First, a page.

The Theory of the Weird Tale
H. P. Lovecraft and His Influence
Volume 2: The Twentieth and Twenty-first Centuries
What sets Lovecraft apart from virtually all his predecessors (and, for that matter, successors) in weird fiction is that he developed a detailed and ever-evolving theory of the weird tale that, to be sure, structured his own work but whose cogency makes it a compelling theoretical construct for the entire genre. Some critics have maintained that this theory is largely self-serving—a justification of the specific brand of weird tale he himself was writing—but, aside from a possible overemphasis on the “cosmic” (Lovecraft’s signature contribution to the field), it is capable of far wider application.
One of the earliest expressions of his “cosmic approach”—one that fuses his philosophical understanding of the insignificance of humanity in a universe of infinite extent in both space and time—occurs in the so-called In Defence of Dagon essays of 1921:
I could not write about “ordinary people” because I am not in the least interested in them. Without interest there can be no art. Man’s relations to man do not captivate my fancy. It is man’s relation to the cosmos—to the unknown—which alone arouses in me the spark of creative imagination. The humanocentric pose is impossible to me, for I cannot acquire the primitive myopia which magnifies the earth and ignores the background. (CE 5.53)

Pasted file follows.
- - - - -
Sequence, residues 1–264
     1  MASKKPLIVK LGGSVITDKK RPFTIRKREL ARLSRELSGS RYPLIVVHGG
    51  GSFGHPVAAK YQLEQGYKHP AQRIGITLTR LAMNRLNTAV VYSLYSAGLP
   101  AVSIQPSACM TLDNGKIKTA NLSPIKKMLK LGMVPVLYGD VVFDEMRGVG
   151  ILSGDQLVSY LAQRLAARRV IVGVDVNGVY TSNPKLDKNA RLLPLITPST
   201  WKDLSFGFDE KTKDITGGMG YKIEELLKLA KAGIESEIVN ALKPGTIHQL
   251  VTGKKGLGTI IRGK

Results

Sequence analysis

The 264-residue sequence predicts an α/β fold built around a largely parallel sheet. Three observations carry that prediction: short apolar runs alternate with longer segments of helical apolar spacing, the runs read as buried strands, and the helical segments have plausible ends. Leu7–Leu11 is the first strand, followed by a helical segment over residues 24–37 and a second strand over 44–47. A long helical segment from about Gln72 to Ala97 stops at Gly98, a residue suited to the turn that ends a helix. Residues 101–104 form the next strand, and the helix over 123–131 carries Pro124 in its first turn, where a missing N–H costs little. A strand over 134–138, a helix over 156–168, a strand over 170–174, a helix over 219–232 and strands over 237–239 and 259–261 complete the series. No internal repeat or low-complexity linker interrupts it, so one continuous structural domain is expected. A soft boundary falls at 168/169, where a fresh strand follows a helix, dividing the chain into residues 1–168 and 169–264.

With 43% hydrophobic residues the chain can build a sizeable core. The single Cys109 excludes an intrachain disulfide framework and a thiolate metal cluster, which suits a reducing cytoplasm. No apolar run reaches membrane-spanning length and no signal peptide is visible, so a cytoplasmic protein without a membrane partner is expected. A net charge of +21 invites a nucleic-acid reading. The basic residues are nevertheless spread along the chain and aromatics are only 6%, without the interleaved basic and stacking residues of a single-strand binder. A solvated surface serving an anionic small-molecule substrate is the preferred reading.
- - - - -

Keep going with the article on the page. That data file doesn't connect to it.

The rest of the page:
Although perhaps himself unaware of it, Lovecraft has by this statement created a manifest distinction between himself and nearly all the literature, weird or mainstream, that preceded him.
Lovecraft emerged at a critical juncture in the history of supernatural fiction. His wide readings among his predecessors, and his profound knowledge of science and philosophy, led him to conclude that many of the standard tropes and motifs of weird fiction were stale and played out. It is noteworthy that there is not a single instance of the standard ghost, vampire, witch, werewolf, or haunted house in any of Lovecraft’s tales; where these motifs are used, they are usually modified almost beyond recognition and, more significantly, updated so that they can pass aesthetic muster in an age whose immense strides in scientific knowledge had rendered these conceptions virtually unusable because of their reliance on outmoded religious presuppositions. Lovecraft, as a lifelong and resolute atheist, could not bring himself to subscribe to such conceptions, and this fact alone represents an immense break with previous literary tradition.
It is not surprising, therefore, that Lovecraft’s most important contribution, as far as the history of weird fiction is concerned, is a fusion of the supernatural with the burgeoning field of science fiction. For all its anticipations in the work of Jules Verne and H. G. Wells, science fiction has canonically been thought to commence with the publication of the pulp magazine Amazing Stories in 1926. Lovecraft himself published “The Colour out of Space” (1927) in Amazing in 1927, and late in life he published two of his most impressive “cosmic” narratives, At the Mountains of Madness (1931) and “The Shadow out of Time” (1934—35), in 1936 issues of another leading science fiction pulp, Astounding Stories.